I'm still a little miffed that the guy skated on the Levi gift rule and got the same time. As way too few many people realize, bike handling is a part of racing.

While the GC of this race wasn't completely dominated by the TT given the huge splits in the field on Saturday, I still think that running it on time favors the TT experts too much. Whatever, it's a very well run race and whenever they put it on I'll go.

Our team was really good to ride with all weekend and though we didn't finish up as high as we would have liked (none of us is super flash at the TT, which is where we slid down - although I personally moved up one on GC in the TT, but had let the podium get totally out of reach), we did the right think way more often than not. It was really enjoyable.

At the end of that long boring drama, I finished 15th on GC and had 2 slices at the pizza joint at the top of the course. Few things in life have ever tasted so good. Man. Wow.

Sign up for Lost River. Seriously. Now.
There are no women registered. That is a joke.

8 comments:

Sigberto said...

You all protected me like the frikken' secret service. Man oh man, while you were having the time of your life, though, I was losing ten feet and burning a match every time through that last turn. I was safe but couldn't keep the speed through it. That killed me every time you all lead me out for a prime and I just couldn't hack it.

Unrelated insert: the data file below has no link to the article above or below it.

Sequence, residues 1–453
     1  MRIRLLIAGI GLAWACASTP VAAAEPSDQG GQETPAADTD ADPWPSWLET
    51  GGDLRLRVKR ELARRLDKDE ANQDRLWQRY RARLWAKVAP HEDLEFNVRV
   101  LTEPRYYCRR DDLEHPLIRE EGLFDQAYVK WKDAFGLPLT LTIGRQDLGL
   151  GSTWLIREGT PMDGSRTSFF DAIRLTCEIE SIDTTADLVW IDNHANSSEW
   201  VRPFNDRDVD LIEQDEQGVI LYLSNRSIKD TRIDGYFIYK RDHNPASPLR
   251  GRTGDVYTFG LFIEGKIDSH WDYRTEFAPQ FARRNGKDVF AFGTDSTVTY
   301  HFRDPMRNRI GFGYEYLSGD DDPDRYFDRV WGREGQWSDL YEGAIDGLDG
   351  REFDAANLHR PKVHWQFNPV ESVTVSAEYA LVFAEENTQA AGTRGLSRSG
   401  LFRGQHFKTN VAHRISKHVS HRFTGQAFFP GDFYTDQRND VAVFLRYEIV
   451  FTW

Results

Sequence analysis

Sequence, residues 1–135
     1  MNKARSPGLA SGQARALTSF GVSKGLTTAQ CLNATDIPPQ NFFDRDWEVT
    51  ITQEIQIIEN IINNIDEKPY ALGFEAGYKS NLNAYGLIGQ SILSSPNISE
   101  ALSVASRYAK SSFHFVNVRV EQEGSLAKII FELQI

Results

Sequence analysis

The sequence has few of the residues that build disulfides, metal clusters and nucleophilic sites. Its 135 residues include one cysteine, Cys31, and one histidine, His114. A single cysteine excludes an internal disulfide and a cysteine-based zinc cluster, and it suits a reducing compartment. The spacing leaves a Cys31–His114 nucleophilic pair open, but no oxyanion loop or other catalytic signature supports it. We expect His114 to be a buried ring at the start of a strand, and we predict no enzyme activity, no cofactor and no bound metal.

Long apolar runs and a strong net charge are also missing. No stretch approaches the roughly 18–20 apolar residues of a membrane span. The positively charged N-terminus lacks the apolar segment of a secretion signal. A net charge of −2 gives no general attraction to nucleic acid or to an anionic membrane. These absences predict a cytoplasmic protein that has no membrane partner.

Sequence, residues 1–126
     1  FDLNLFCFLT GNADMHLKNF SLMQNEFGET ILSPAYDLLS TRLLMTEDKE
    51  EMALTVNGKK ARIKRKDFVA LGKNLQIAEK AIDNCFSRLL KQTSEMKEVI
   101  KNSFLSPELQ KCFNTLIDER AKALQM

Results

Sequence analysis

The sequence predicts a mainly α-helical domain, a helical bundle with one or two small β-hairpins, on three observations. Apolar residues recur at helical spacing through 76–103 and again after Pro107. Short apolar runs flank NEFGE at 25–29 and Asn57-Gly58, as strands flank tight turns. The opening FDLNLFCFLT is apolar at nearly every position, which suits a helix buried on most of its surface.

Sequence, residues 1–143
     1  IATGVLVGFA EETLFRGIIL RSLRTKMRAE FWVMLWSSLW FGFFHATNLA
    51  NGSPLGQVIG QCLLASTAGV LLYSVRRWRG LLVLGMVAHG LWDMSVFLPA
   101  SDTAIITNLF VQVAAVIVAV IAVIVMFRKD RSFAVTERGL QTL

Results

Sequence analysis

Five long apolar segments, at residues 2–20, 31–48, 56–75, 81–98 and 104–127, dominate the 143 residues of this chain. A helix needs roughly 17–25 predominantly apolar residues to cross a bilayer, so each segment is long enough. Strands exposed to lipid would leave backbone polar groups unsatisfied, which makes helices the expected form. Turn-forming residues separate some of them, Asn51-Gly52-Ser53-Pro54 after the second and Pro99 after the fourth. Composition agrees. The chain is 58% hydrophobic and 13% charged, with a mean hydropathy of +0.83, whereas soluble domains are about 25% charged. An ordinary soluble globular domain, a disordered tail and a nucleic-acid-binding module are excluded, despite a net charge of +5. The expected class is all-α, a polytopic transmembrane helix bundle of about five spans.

So we took 8th, 14th, and 15th overall. Not bad for one of our first real full "team" efforts of the year. Reston will rock.

Peter Warner said...

Well, that was me that "chundered" that final turn. I'm sorry it affected you and I'm pretty embarrassed by that. All I needed to do was come in safely in the crit. I think I just mentally lost focus for a split second knowing I was right where I needed to be and was ready to coast in. Lesson learned. Believe me, I'll be kicking myself for awhile after that fiasco. I wish it wouldn't have affected your outcome (as well as your teammate Geoff? I believe).